The waterproof artist finds her spot in the camera lineup
"Hi, I want to do surf photography. I don’t have any gear ... What do I need to do?” Armed with a casual portfolio of shots she’d taken of friends with an old Minolta during down time as a marine biology major, Nikki Brooks said this to the prominent Larry “Flame” Moore, former photo editor of Surfing magazine, back when she unceremoniously knocked on his door without an appointment in 2003. Moore, ever intuitive, welcomed the audacious 24-year-old into his office for a chat and ultimately became Brooks’ treasured first mentor.
In that monumental introductory meeting, Moore’s advice to the wide-eyed protégé was to get out in the water and catch fresh angles via different means in addition to swimming. The result? Six years later his words of wisdom continue to shape Brooks’ approach, and she’s solidified a footing in the industry as one of Santa Cruz’s principal surf photographers.
“Doing something different is kind of my nature,” Brooks says. “With photography I try to document things in a different way, relative to the light and the moment. Those are my main focuses.”
While most photographers at this year’s O’Neill Cold Water Classic took position on dry land at The Lane, Brooks snapped away aboard a dinghy out in the water. Her photo of Nat Young’s big off-the-top turn in the semi-finals, with the crowd of spectators above him in the background, was the image chosen by Surfline.com to capture his momentous win. At 2006’s CWC she paddled outside at Indicators, on a paddleboard built with a hatch to store her equipment, to snag a sweet water shot of Jason “Ratboy” Collins doing a bottom turn at First Peak, again with the cliff’s signature white wall jutting out behind him.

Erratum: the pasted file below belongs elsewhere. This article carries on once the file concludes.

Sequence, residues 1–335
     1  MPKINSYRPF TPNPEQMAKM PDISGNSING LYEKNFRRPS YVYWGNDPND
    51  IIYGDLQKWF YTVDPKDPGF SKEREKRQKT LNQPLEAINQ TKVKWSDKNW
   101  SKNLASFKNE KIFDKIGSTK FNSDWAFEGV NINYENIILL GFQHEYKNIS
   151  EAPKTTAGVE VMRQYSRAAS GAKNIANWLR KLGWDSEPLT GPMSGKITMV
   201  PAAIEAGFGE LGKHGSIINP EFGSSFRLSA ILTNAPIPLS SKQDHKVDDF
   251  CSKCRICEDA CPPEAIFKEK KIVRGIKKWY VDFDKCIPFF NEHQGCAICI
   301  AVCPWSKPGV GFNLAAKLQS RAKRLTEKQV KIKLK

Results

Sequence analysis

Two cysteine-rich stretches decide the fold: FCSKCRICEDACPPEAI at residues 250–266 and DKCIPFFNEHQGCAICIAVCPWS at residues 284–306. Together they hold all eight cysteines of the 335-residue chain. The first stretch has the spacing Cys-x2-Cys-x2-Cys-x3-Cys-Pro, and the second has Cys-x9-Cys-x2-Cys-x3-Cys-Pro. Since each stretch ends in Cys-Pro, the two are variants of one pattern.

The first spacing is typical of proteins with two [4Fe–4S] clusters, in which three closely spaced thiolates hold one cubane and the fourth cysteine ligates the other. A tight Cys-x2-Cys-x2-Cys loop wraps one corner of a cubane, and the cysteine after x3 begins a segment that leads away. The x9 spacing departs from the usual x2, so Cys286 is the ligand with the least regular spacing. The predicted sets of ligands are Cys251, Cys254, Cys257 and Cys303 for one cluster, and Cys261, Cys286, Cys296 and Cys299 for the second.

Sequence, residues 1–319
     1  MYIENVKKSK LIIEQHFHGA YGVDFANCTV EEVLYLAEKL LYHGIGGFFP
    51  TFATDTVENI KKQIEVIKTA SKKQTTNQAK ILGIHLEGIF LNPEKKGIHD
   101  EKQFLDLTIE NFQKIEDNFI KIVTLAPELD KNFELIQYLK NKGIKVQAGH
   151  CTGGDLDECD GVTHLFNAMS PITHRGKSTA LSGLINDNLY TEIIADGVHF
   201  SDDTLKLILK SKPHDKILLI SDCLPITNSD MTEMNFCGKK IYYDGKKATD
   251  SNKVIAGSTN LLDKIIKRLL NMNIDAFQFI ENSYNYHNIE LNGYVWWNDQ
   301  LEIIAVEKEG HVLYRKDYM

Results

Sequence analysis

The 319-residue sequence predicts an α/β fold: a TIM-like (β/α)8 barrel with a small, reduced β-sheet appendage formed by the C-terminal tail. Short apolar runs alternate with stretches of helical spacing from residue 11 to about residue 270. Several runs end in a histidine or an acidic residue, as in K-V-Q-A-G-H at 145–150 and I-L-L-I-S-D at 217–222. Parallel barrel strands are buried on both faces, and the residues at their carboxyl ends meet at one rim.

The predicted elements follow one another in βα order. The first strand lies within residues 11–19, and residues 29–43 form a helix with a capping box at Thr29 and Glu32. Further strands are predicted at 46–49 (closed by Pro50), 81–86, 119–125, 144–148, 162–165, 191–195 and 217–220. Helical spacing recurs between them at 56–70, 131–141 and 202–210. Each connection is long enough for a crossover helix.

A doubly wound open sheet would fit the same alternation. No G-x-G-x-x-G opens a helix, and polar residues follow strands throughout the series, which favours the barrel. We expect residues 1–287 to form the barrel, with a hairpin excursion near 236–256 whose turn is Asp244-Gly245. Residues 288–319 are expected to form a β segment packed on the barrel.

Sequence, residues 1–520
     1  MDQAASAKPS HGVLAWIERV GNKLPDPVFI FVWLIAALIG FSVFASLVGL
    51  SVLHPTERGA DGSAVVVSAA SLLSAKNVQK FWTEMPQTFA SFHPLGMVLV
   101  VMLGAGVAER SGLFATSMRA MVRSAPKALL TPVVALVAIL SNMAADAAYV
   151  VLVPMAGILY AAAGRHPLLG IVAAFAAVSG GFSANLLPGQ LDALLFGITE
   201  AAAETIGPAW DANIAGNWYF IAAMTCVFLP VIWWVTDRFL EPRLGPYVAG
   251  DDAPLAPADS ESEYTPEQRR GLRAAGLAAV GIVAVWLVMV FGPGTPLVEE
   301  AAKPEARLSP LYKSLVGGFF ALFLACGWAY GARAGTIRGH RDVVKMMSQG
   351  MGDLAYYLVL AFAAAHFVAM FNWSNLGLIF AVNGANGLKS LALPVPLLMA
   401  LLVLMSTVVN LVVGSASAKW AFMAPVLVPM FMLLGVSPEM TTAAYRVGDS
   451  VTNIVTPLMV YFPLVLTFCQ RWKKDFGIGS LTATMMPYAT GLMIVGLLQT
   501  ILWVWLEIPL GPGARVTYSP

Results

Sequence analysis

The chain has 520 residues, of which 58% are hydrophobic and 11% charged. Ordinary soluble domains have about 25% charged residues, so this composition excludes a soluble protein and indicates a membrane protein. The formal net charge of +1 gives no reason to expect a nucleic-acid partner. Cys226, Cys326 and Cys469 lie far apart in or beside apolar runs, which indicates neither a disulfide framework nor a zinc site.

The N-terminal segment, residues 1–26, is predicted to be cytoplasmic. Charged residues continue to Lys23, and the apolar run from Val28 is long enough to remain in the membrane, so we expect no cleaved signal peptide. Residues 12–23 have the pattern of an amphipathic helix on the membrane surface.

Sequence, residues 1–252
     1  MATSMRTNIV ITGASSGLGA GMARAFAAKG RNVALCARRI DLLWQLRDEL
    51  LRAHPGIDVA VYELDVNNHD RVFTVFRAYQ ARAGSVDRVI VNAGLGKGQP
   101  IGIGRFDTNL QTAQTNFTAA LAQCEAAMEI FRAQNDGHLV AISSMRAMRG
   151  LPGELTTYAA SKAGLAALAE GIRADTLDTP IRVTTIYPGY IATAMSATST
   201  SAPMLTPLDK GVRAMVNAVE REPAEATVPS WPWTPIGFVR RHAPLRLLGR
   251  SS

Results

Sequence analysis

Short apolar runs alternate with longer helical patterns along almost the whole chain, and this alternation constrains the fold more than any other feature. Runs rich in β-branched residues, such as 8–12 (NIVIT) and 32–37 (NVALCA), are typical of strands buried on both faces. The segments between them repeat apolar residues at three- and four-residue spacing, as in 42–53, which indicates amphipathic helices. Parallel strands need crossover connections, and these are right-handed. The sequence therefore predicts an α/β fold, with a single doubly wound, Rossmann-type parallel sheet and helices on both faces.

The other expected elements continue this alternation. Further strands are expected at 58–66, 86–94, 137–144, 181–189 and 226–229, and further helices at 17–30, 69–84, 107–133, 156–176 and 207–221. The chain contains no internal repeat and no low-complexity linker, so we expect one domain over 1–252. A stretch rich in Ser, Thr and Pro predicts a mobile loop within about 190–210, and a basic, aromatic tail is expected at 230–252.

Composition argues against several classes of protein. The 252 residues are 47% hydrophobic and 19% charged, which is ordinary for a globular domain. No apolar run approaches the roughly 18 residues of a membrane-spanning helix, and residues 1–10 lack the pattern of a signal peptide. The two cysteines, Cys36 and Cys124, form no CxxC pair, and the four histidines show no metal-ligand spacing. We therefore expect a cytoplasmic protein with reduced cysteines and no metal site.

Brooks, a Capitola native, just returned from the North Shore, Oahu, and while many moms were tending to post-turkey meals during Thanksgiving break, this mother of two young girls spent the weekend missioning up to Half Moon Bay in hopes of scoring some photos of the awakened beast known as Mavericks—where this winter she plans to hop on the back of a jet ski to really get into the thick of things.
“If I’m going to spend my time doing something, I’d rather do it differently and be in the water where it’s more interesting and more challenging but might be more rewarding,” she emphasizes. “You have to work for it in the water and you never know what you’re going to get because there’s so many variables.”
Brooks’ face can light up with enthusiasm as luminescent as her images, and though she looks like your quintessential surfer girl and is impressively savvy on a board, she prefers barrels of the camera kind. With those prodigious maneuvers behind the lens, her shots have landed covers and inside top publications including Surfer’s Journal, Longboard magazine, Japan’s Nalu magazine, and Popular Photography magazine. An internationally sought accomplishment, she was a finalist for the 2007 Follow the Light Foundation grant—the prestigious award given to an up-and-coming surf photographer in memory of her idol, Moore, who passed away in 2005.
Contradictory to the often high-adrenaline, speed-obsessed side of surfing, Brooks’ photos effuse a radiant tranquility, often capturing an essence of a surfer beyond the action at hand. They reveal an intimacy that comes from her genuine personal relationship to her subjects. Along with scenic and big wave shots of Mavericks, Ghost Tree and the North Shore, this week’s “Wavelengths” exhibit focuses on eight local surfers: Kim Mayer, Lexi Wilson, Ashley Lloyd, Jamilah Star, Jason “Ratboy” Collins, Darshan Gooch, Steve Thomas, and Tanner “Rockstar” Beckett. All of whom, Brooks says, she selected because of her admiration for their technique in the water, just as much as their lifestyle out of it.
“I don’t ever want to be an imposter while I’m working,” she explains of her preference to document those whom she calls friends, paralleling those earliest college point-and-shoot years. She then pauses and smiles, stumbling upon a revelation about her latest collection: “And, now that I’m talking about it out loud, maybe that’s the theme of this show—I’ve been on the same wavelengths as these people and on their same ride.”
Nikki Brooks speaks at the ‘Wavelengths’ exhibit reception at 6 p.m. Friday, December 12 at Paradise Surf Shop, 3961 Portola Dr., Santa Cruz. Free. A portion of photo sales will benefit CORE. For more information call 462-3880.
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